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Title: Identification of atypical scrapie in Canadian sheep

item MITCHELL, G - Canadian Food Inspection Agency
item O'Rourke, Katherine
item HARRINGTON, N - Canadian Food Inspection Agency
item SOUTYRINE, A - Canadian Food Inspection Agency
item SIMMONS, M - Veterinary Laboratories Agency (VLA)
item DUDAS, S - Canadian Food Inspection Agency
item Zhuang, Dongyue
item LAUDE, H - Institut National De La Recherche Agronomique (INRA)
item BALACHANDRAN, A - Canadian Food Inspection Agency

Submitted to: Canadian Veterinary Journal
Publication Type: Peer Reviewed Journal
Publication Acceptance Date: 12/3/2009
Publication Date: 5/1/2010
Citation: Mitchell, G.B., Orourke, K.I., Harrington, N.P., Soutyrine, A., Simmons, M.M., Dudas, S., Zhuang, D., Laude, H., Balachandran, A. 2010. Identification of atypical scrapie in Canadian sheep. Canadian Veterinary Journal. 22(3):402-408.

Interpretive Summary: Scrapie is a fatal brain disease of sheep, occurring in most sheep producing areas of the world. The disease occurs as a classical form, infectious within a flock and largely associated with particular forms of the prion gene, and an atypical form, usually found in older animals and often with no clinical signs of disease. There is as yet no evidence for transmission of atypical scrapie Intense eradication efforts in Europe and North America include random testing of clinically normal animals collected at slaughter facilities and testing of sheep dying of unknown causes on farms. The Canadian National Scrapie Surveillance program, through the national and international (Office of International Epizootics) reference laboratory in Ottawa, has identified three cases of atypical scrapie in Canadian sheep. These sheep had genetic, biochemical and histologic profiles similar to those observed in the United States, European, and British cases of Nor98. The finding of atypical scrapie in Canadian sheep was not unexpected and demonstrates the value of the current surveillance program in identifying both classical and atypical scrapie. Coordination of the testing programs in Canada and the U.S. allows both governments to gather comparable data on the nature and extent of Nor98 in sheep flocks in North America and develop harmonized control programs.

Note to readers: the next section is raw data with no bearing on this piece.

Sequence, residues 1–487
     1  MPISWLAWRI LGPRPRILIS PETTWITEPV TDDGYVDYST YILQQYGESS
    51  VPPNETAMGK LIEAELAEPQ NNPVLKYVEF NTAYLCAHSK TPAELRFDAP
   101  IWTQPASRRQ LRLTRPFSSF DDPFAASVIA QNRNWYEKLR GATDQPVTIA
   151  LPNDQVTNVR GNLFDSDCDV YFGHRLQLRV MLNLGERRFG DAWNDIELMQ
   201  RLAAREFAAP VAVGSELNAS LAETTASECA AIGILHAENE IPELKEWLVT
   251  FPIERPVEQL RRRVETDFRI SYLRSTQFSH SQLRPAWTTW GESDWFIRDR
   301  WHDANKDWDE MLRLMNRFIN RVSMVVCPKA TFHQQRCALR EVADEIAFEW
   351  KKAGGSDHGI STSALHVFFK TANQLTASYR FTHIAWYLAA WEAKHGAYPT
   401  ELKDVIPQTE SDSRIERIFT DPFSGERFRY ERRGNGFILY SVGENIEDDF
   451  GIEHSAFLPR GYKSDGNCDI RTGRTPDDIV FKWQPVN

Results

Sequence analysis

Technical Abstract: Scrapie, a transmissible spongiform encephalopathy of sheep and goats, exists in most small ruminant producing countries of the world. An atypical form of this disease, originally termed Nor98, was discovered in large abattoir surveillance of clinically normal, predominantly older sheep and rarely in clinical suspects. Nor98 is presumptively diagnosed by the unconventional findings in enzyme linked immunosorbent and immunohistochemistry assays of the abnormal prion protein in the brain and lymph nodes. Nor98 is usually differentiated from classical scrapie by Western blot analysis and the unique biochemical profile following passage in transgenic mice carrying the ovine prion gene. The Canadian National Scrapie Surveillance Program was initiated in 2005 and involves the active testing of sheep over 12 months of age which are slaughtered at federal and provincial abattoirs, or are identified as fallen stock from rendering companies, sales barns, cull ewe feedlots or farms. This report describes the first three cases of atypical scrapie detected in Canadian sheep. Two of the animals were older than 5 years of age and apparently clinically normal prior to sampling. Two of the sheep carried a polymorphism at codon 141 frequently associated with atypical scrapie and one sheep had a genotype relatively resistant to classical scrapie. Enhanced scrapie surveillance efforts have identified three cases of atypical scrapie in Canada. The classical form of scrapie has been extensively studied, with surveillance and breeding programs currently aimed at reducing disease prevalence. The existence of atypical scrapie in the Canadian sheep flock is not unexpected and additional cases will undoubtedly arise during continued scrapie surveillance efforts. Rapid identification and differentiation of these cases is necessary to understand the national prevalence of atypical scrapie and complement the Canadian initiative to control classical scrapie.